Hearing loss may not seem like that much of an issue when you’re battling cancer. But there are significant reasons why your hearing health is important, even in the midst of battling cancer:

  • Chemotherapy-caused hearing loss can also lead to balance problems and tinnitus. So, now you’re thinking: wait, does chemotherapy cause tinnitus too? Sadly, yes. Tinnitus is frequently connected with balance issues which can also be an issue. When you’re recovering from chemotherapy, the last thing you need is to have a fall.
  • Hearing loss has been known to cause social isolation. Lots of different conditions can be exacerbated by this. In other words, receiving the appropriate treatment (or even buying the right groceries) can become more difficult when you’re feeling socially separated.
  • Hearing loss can negatively impact your mental health, particularly if that hearing loss is neglected. Anxiety and depression are closely connected to untreated hearing loss. Battling cancer can, similarly, increase depression and anxiety, so you don’t want to make matters worse.

Decreasing other health issues while you’re fighting cancer will likely be a priority, and something you’ll want to talk to your care team about.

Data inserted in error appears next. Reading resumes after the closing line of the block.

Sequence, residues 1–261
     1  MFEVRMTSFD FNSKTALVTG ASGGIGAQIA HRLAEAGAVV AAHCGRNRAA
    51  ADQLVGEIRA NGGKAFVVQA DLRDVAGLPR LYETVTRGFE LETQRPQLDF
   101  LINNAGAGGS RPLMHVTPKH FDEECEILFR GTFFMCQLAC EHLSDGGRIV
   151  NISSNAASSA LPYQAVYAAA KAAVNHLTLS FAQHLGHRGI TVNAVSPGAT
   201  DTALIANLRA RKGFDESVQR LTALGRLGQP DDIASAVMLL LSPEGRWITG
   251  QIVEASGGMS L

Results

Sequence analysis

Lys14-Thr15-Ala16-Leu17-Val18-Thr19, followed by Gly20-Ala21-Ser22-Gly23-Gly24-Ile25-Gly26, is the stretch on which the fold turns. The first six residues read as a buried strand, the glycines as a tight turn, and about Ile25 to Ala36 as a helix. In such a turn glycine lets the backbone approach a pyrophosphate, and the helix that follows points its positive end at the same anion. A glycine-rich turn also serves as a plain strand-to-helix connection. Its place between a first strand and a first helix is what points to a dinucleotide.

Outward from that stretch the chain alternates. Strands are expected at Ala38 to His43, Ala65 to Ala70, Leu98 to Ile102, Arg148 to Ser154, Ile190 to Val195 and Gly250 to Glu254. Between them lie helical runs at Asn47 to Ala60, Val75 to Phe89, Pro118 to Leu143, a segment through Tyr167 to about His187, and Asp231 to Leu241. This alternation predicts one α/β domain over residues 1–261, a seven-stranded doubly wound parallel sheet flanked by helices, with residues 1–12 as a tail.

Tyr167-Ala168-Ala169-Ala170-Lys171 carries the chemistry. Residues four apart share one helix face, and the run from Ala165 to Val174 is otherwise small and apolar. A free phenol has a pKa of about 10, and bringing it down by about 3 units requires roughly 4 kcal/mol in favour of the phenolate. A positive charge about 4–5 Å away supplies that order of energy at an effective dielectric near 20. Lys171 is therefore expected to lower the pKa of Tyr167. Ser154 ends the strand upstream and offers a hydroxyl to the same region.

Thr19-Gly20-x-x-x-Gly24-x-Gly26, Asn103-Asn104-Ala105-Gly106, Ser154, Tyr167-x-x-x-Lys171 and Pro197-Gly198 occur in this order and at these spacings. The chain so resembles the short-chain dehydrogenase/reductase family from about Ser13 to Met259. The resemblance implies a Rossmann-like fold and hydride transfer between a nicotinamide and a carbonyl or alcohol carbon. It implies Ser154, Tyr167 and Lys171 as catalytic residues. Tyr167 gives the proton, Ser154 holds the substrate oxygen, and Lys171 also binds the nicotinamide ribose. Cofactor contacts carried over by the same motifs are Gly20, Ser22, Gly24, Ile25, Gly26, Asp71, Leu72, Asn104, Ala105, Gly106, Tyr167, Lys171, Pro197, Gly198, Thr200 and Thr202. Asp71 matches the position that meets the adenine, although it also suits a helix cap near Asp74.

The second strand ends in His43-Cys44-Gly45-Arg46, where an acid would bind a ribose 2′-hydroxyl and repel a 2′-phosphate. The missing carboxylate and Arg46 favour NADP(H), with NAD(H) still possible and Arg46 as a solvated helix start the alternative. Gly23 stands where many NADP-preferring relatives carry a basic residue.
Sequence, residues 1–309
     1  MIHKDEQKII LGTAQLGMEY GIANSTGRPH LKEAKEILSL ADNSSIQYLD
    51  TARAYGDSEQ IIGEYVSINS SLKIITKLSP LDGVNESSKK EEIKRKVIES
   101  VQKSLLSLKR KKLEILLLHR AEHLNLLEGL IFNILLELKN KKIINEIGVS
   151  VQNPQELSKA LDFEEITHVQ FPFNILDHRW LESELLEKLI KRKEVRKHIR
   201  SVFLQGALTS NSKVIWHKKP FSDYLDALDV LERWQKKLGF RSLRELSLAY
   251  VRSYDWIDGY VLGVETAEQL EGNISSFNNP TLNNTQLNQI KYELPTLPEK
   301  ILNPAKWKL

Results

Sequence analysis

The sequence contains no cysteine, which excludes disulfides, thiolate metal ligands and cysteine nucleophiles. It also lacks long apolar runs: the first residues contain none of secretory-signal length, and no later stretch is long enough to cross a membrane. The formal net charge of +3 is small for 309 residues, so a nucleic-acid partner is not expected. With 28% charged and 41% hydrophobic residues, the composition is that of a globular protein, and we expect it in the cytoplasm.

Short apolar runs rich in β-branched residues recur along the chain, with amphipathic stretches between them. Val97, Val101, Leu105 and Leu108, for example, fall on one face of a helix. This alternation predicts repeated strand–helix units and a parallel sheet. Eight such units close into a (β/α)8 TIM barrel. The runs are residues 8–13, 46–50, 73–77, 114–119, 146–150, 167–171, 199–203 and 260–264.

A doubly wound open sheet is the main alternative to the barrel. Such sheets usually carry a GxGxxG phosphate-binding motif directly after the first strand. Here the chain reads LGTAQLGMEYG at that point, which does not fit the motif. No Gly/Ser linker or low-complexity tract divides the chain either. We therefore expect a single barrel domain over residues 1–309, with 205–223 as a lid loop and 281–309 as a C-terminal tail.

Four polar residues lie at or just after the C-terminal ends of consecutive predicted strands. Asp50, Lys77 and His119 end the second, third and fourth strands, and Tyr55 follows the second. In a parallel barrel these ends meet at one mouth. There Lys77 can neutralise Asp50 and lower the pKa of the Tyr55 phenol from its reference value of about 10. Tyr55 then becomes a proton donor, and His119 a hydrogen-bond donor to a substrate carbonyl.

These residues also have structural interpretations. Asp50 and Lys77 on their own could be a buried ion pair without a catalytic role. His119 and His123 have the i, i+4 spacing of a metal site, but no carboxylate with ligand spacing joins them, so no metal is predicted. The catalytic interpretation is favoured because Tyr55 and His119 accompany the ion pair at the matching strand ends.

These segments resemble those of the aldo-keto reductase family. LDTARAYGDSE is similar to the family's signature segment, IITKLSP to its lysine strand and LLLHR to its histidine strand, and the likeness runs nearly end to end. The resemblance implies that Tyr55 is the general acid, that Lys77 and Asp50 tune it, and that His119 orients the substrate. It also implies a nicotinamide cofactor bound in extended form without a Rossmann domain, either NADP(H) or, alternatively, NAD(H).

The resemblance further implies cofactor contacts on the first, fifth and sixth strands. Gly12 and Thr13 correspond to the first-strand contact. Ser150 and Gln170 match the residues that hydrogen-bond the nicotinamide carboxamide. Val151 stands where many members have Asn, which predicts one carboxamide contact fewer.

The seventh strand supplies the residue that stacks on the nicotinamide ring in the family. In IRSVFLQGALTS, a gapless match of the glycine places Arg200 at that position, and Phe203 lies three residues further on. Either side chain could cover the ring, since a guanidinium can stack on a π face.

What’s the solution?

When you’re fighting cancer, your life becomes a laundry list of doctor’s appointments. But it’s worthwhile to add one more appointment to your list: make an appointment with a hearing specialist.

Here are a number of things that visiting a hearing specialist will help with:

  • Set a baseline for your hearing. This will make it substantially easier to detect hearing loss in the future.
  • If you do detect hearing loss, it will be easier to obtain rapid treatment.
  • Become a patient of a hearing specialist. Your hearing specialist will have a more precise understanding of the state of your hearing and its needs, if you do have hearing loss.

So if you develop hearing loss from chemo, can it be cured? Regardless of the cause, sensorineural hearing loss can’t be cured, sadly. But that doesn’t mean there isn’t a treatment. Your hearing specialist will be capable of helping you address and manage your hearing loss. You might require hearing aids or you may just need your hearing to be monitored.

It’s mostly frequencies in the higher register that go when your hearing loss is caused by chemo. Your day-to-day hearing might not even really be effected.

Caring for your hearing is important

It’s crucial to pay attention to your hearing health. If you have concerns about how chemotherapy might impact your hearing, talk to your care team. You might not be able to change treatment options, but at least you’ll be able to closely monitor your symptoms and treat them accordingly.

Chemotherapy can cause hearing loss. But if you talk to your hearing specialist, they will help you make a plan that will help you stay in front of the symptoms.

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The site information is for educational and informational purposes only and does not constitute medical advice. To receive personalized advice or treatment, schedule an appointment.